A new movement is on the rise to protect Colorado LGBT elders, who face financial hurdles with Medicaid as their partners transition into assisted living and nursing homes. Local advocates at SAGE of The Rockies, a program for edlers at The GLBT Community Center, are trying to incorporate new language into the state’s Medicaid laws to give seniors in same-sex relationships equal rights.
“It’s totally unfair. If we had equality in marriage, then all of those laws would be taken care of,” said Carol Wiser, 72 who volunteers at The Center on East Colfax in Denver.
Medicaid is a form of financial aid that is given to seniors when they no longer have money or assets to pay for their own long-term health care. When an individual applies for Medicaid, the state considers the financial need of each case – much like a student applying for a college loan.
It all boils down to certain provision in Medicaid called the Spousal Impoverishment Protection Law that doesn’t recognize elderly same-sex couples who have combined assets.
“We’re going to be contacting the (state) Medicaid director to see what kind of language can be changed,” said Rene Hickman, an intern at SAGE who is also a certified nurse assistant and has worked with the elderly for 12 years.
The issue SAGE has with the current Medicaid law is the way shared financial assets are recognized for married couples and non-married couples.
The spousal impoverishment language protects heterosexual couples’ joint assets when one spouse falls ill with a long-term disease such as Alzheimer’s, by considering only one person’s worth, including social security and pensions, which allows the non-ill spouse to continue to live at home.
Since LGBT couples are not “spouses” under the law, their shared assets can be viewed as combined by Medicaid – regardless of whether one person no longer has an income or social security – and they are at risk of not getting approved for long-term financial aid through Medicaid.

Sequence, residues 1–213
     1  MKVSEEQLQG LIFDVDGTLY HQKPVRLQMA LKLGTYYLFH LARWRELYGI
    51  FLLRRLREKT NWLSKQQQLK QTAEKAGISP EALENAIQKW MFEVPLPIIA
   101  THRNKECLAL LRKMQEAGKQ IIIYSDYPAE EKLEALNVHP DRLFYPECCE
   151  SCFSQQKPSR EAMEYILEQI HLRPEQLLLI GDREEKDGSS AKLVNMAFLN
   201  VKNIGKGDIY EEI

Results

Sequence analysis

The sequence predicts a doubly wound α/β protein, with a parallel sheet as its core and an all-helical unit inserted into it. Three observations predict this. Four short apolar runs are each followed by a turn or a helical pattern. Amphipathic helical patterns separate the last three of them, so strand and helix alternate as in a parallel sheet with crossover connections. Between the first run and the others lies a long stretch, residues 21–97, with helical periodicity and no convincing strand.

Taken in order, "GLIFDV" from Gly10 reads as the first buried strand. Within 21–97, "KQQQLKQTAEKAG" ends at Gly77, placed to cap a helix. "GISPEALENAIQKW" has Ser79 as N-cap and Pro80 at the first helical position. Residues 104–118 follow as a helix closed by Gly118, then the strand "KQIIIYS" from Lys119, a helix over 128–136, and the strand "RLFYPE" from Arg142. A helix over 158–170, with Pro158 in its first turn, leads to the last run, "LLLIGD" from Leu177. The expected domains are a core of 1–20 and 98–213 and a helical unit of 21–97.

Most long-term care facilities in Colorado cost between $2,000 – $6,050 a month per person, according to Genworth Financial’s 2011 Cost of Care Survey.
SAGE is well aware of the monthly costs that seniors endure.
“Under Medicaid, if you’re a straight couple and you place somebody in a nursing home, you have protections under the law that protect their home, that protect their assets and protect a certain amount of money,” said Shari Wilkins, SAGE of the Rockies coordinator. “As a gay couple, because we’re not recognized as a couple under law, those protections don’t apply. So you really get into situations where you have to burn through both incomes to get into a place unless you abandon your partner. Or unless you keep everything separate.”
That means that combining assets as a LGBT couple could come back and hurt partners while in the golden years of life, which is why SAGE has partnered with many health officials and lawyers surrounding the issue.
To help educate the public about these issues, Sage has conducted training seminars the Denver Regional Council of Government, district attorney offices, doctors, in-home care providers and charities about the differences in care for elders and also the legal impact for them without union recognition, Wilkins said.
She’s confident that SAGE will be successful in changing the Medicaid language to help the aging LGBT community.
“Watching the hope and discovery is just an amazing process,” Wilkins said about the SAGE movement.
On the Web at http://glbtcolorado.org/SAGEoftheRockies.aspx